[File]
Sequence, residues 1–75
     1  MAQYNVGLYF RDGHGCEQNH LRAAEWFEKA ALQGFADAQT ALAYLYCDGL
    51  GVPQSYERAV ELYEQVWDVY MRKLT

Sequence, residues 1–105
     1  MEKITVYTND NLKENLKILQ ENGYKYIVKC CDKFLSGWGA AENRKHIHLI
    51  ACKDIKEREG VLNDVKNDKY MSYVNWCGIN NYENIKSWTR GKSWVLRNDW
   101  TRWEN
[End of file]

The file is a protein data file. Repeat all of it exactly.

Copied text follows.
Sequence, residues 1–75
     1  MAQYNVGLYF RDGHGCEQNH LRAAEWFEKA ALQGFADAQT ALAYLYCDGL
    51  GVPQSYERAV ELYEQVWDVY MRKLT

Sequence, residues 1–105
     1  MEKITVYTND NLKENLKILQ ENGYKYIVKC CDKFLSGWGA AENRKHIHLI
    51  ACKDIKEREG VLNDVKNDKY MSYVNWCGIN NYENIKSWTR GKSWVLRNDW
   101  TRWEN